From the moment I first meet my new puppy, I cradle them on their back and rub their belly. It is my favorite way to pet my dogs and it fosters great trust for them to be so vulnerable. The pup usually outgrows the practice, but with my current dog, she has climbed into my lap almost every day. As a result, I have a 58# belly that I can rub with ease.
There is no way that I could have this dog in my lap if today was the first time that I tried to do it. She needed to learn that it was a desirable thing to do and I needed to build up the endurance to lift her one pound at a time. I didn’t notice the difference between 57 and 58 pounds and couldn’t lift that much weight now if I hadn’t been lifting her all along. But by doing it every day, it has become so natural that I didn’t even think about it until my vet asked if she could take this picture.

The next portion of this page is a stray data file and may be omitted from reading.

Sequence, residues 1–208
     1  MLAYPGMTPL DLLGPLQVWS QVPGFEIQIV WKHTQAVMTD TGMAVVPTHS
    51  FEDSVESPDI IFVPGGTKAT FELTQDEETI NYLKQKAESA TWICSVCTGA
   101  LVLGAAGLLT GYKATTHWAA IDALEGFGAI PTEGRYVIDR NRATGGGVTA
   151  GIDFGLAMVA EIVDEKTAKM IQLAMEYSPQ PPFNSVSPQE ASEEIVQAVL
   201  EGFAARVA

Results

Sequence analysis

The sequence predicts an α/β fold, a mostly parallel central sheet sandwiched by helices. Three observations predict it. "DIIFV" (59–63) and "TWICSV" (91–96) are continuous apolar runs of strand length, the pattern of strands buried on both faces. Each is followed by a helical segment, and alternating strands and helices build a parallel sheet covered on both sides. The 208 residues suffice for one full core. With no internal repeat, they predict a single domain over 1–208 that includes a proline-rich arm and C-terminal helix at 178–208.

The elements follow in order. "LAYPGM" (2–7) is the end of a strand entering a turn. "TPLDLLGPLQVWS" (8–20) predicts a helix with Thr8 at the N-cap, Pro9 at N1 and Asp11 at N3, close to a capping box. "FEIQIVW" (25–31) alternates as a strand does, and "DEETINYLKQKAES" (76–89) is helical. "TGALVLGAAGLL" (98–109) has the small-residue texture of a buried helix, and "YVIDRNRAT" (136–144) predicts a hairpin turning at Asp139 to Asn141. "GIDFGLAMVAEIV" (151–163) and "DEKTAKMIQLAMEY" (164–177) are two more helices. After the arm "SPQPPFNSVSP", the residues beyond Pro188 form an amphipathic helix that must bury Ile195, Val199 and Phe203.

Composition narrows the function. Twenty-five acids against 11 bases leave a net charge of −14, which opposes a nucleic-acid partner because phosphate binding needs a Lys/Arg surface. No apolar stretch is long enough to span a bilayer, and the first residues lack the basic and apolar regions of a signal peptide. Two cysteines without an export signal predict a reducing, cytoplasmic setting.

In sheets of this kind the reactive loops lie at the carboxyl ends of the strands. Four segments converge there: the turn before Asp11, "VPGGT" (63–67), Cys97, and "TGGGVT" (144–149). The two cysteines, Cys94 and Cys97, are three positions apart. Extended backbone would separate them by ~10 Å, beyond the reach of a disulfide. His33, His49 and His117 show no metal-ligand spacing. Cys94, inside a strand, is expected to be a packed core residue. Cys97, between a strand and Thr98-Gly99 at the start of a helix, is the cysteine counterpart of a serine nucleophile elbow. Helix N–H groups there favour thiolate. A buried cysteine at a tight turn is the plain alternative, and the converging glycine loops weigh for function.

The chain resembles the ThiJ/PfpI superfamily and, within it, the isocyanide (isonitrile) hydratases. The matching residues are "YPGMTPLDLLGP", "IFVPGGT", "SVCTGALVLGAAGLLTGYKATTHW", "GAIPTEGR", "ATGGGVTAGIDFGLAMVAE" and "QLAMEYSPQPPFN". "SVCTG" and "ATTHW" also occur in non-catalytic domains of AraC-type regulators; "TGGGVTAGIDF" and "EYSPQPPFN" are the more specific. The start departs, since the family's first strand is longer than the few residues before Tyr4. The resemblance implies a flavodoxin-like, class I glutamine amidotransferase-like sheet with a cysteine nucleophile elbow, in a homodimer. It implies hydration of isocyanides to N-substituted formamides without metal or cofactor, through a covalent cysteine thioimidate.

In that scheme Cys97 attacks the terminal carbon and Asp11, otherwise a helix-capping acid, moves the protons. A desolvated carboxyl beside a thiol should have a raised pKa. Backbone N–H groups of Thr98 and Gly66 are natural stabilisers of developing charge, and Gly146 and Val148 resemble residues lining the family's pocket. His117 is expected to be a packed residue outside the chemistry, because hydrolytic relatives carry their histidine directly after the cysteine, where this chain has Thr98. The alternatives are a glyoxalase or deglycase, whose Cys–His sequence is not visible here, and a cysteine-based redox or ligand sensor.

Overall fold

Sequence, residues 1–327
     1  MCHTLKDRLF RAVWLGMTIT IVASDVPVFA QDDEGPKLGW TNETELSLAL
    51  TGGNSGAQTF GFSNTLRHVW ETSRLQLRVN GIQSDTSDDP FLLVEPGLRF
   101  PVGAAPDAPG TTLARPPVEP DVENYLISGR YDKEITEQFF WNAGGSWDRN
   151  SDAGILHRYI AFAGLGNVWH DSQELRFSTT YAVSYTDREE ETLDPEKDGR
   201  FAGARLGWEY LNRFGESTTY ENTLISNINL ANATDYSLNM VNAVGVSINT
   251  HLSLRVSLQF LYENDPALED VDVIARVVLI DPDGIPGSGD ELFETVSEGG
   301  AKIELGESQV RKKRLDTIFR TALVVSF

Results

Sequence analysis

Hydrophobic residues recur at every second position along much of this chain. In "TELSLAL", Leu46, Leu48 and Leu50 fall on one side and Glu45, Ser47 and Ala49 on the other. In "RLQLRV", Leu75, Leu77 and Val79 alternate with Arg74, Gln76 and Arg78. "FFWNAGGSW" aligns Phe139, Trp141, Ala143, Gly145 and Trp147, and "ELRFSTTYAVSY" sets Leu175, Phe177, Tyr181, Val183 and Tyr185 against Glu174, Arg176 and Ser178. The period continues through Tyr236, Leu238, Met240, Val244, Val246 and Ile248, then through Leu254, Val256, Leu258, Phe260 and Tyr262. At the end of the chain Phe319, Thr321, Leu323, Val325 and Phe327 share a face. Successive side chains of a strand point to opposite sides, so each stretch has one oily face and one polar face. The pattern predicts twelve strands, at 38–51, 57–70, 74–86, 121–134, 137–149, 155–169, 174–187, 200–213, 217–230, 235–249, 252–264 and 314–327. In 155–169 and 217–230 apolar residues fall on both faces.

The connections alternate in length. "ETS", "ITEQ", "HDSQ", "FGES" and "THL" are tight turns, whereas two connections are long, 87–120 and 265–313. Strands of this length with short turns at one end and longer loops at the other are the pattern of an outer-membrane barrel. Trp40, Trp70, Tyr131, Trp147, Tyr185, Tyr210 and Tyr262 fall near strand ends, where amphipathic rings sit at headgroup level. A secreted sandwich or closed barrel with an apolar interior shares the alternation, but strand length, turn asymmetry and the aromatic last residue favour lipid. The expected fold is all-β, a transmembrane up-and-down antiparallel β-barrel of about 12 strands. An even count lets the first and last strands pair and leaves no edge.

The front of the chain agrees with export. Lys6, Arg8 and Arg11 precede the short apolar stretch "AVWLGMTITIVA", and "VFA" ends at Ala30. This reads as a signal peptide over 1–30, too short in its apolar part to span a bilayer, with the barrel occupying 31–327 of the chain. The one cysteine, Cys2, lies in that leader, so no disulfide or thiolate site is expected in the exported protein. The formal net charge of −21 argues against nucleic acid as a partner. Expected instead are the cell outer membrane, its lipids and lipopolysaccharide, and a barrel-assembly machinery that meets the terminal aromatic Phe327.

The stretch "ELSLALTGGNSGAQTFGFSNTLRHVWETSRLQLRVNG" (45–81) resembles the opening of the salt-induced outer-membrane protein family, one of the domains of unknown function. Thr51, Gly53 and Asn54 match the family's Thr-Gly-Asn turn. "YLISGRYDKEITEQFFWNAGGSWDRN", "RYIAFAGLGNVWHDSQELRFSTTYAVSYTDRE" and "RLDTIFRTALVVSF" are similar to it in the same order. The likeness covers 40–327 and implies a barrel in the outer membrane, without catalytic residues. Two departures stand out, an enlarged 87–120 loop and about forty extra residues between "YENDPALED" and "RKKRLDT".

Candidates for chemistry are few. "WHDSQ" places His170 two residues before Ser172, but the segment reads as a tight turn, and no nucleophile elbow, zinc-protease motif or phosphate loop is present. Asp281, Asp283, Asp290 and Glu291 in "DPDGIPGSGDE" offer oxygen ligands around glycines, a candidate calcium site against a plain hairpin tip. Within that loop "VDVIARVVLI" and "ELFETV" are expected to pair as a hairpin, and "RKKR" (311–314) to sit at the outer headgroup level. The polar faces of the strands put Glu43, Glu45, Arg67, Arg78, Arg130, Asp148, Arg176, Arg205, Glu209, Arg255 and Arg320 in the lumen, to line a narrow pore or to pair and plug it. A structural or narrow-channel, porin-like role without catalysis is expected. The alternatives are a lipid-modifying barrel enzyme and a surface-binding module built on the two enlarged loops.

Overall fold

While I doubt that many of you set out to become belly-rubbing pet owners, the principle rings true for whatever practices you are trying to instill in your personal life or organization. Understanding your end goal helps you build capacity and the stamina to reach it. You start small – with a seemingly insignificant behavior – and repeat it daily over the long term. One more contact/day leads to a robust network; 10 squats every day and soon you’re able to do 20, etc. Soon it becomes part of your fabric and you forget that you are gaining ground, even though you are.
Unfortunately, the process works on negative behaviors too – spending an extra $3/day adds up to over $1000 frivoled away each year; an extra snack at the vending machine each afternoon adds ounce by ounce to your overall heft – so it is essential to be conscious of the impact your minor actions are having.
Whether towards good or bad, repetition reigns. Be very intentional about whatever you do over and over again.